Saturday, 21 July 2018
Mark Thomas

Mark Thomas

Mark Thomas - The editor and big chief of The Dubrovnik Times. Born in the UK he has been living and working in Dubrovnik since 1998, yes he is one of the rare “old hands.” A unique insight into both British and Croatian life and culture, Mark is often known as just “Englez” or Englishman. He is a traveller, a current affairs freak and a huge AFC Wimbledon fan.

Email: mark.thomas@dubrovnik-times.com

The capital’s airport has seen a strong start in 2018 with more and more passengers travelling through the Zagreb Airport.

Figures just released by the busiest airport in Croatia show that in May this year the airport handled 300,676 passengers, this is an increase of 11.8 percent over the same month from last year.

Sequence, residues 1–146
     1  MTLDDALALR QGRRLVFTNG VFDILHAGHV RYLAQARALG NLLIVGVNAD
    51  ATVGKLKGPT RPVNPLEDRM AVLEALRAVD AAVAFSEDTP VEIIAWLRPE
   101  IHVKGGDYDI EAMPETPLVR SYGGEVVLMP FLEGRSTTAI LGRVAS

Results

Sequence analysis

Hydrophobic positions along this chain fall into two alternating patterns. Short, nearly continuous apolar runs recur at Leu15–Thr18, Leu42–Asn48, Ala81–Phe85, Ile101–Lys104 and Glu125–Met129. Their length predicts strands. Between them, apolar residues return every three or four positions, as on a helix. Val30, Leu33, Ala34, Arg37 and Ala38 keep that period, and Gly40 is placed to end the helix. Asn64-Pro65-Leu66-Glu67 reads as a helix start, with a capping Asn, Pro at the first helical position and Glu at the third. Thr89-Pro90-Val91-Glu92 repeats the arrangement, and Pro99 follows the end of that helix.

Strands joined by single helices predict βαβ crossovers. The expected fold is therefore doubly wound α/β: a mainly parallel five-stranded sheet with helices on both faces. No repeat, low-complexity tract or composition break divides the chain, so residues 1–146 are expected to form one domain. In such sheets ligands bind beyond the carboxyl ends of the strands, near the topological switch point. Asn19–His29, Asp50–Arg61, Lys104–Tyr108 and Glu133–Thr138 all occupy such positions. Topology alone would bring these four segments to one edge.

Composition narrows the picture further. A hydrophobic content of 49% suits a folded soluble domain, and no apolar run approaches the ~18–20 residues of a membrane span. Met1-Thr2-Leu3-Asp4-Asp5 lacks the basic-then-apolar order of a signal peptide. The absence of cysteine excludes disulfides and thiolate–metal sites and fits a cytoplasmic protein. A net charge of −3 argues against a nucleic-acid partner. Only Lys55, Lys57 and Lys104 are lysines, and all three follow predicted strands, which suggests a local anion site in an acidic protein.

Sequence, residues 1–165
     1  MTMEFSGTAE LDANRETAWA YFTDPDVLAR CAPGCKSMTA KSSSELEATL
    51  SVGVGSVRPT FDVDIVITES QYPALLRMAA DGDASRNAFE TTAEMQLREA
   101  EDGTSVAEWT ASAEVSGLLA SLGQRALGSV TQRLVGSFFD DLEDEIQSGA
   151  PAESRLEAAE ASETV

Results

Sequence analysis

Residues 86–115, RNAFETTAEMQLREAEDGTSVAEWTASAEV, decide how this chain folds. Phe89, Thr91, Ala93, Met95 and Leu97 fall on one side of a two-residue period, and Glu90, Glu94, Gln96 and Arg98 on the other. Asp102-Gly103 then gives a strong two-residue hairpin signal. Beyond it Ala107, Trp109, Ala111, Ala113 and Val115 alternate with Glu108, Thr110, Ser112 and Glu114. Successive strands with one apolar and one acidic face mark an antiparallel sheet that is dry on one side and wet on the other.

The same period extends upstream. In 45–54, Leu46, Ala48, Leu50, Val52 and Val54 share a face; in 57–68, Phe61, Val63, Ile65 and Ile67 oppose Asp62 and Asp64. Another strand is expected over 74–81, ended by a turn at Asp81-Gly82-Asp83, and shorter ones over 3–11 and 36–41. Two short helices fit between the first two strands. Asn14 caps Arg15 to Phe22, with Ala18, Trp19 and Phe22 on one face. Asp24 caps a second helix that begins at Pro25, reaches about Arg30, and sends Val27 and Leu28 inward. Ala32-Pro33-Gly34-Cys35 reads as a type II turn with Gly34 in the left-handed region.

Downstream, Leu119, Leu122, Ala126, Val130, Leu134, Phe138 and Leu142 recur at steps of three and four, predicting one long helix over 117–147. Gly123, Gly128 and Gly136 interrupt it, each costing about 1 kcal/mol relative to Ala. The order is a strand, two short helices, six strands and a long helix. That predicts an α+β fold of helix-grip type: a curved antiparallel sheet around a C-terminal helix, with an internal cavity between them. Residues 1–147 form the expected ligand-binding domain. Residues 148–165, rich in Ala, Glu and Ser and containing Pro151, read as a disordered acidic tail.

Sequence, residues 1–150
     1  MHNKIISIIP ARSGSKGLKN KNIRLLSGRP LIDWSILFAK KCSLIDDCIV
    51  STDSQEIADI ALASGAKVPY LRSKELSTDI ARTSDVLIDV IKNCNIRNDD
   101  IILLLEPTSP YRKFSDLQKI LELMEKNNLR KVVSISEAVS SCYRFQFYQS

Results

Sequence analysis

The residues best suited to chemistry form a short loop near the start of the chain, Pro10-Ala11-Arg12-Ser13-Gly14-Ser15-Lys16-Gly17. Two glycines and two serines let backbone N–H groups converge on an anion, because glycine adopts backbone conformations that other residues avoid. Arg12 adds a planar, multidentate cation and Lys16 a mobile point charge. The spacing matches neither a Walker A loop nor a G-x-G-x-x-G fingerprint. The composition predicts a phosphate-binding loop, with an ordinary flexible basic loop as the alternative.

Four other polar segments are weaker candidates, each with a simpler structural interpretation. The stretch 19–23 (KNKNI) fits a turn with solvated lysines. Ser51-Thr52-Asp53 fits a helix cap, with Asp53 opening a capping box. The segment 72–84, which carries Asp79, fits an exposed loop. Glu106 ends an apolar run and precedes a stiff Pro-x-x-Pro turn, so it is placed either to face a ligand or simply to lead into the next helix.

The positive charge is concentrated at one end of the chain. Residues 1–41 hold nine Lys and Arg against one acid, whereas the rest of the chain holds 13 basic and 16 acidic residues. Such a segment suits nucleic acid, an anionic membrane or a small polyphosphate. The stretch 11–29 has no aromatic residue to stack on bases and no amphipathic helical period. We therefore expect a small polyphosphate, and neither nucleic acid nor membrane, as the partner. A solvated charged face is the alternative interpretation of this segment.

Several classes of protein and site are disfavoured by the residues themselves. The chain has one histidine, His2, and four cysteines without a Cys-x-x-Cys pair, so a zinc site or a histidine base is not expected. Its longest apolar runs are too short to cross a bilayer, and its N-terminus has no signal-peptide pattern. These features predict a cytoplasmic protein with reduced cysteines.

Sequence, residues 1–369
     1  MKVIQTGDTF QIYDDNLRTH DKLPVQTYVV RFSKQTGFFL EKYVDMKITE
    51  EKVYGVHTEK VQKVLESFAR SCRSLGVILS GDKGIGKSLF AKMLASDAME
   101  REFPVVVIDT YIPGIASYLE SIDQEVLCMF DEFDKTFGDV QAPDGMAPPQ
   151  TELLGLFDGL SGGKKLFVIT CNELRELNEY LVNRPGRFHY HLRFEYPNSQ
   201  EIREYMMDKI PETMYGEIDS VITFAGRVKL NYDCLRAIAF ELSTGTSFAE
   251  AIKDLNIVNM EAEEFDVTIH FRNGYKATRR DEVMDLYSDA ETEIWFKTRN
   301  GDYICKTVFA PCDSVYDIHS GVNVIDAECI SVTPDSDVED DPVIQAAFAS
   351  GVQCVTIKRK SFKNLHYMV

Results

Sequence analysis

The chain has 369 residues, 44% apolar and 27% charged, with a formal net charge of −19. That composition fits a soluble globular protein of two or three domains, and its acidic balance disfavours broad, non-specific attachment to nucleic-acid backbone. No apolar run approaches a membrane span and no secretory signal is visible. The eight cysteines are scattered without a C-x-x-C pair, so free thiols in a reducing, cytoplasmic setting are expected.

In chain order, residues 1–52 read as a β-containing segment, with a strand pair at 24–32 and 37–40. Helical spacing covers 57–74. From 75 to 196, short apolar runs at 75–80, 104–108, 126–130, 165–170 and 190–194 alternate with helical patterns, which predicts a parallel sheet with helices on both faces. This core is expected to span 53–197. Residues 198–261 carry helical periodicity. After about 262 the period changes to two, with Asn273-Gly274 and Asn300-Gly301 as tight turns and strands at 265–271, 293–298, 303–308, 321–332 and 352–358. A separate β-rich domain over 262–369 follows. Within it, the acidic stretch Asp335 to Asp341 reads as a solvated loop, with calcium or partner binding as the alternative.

A total of 4,023 airplanes used the airport in May, again an increase over 2017 and this time by 7.2 percent. Since the beginning of the year until the end of May the nation’s capital airport saw 1.1 million passengers, meaning that the airport broke the one million passenger mark a full thirteen days before last year.

Has Croatia’s population fallen below 4 million. The State Bureau of Statistics publishes annually the estimated population of the country, based on data on the difference between the number of deaths and the number of births and the official data on the number of displaced people and immigrants.

And according to this estimate, Croatia had 4,125,700 inhabitants in the middle of last year - about 155,000 less than during the 2011 census, which counted 4,280,600 inhabitants.

Given that hundreds of thousands of Croatians have left the country to work in other European Union members, such as Germany and Sweden, the total population of Croatia is very likely under 4 million.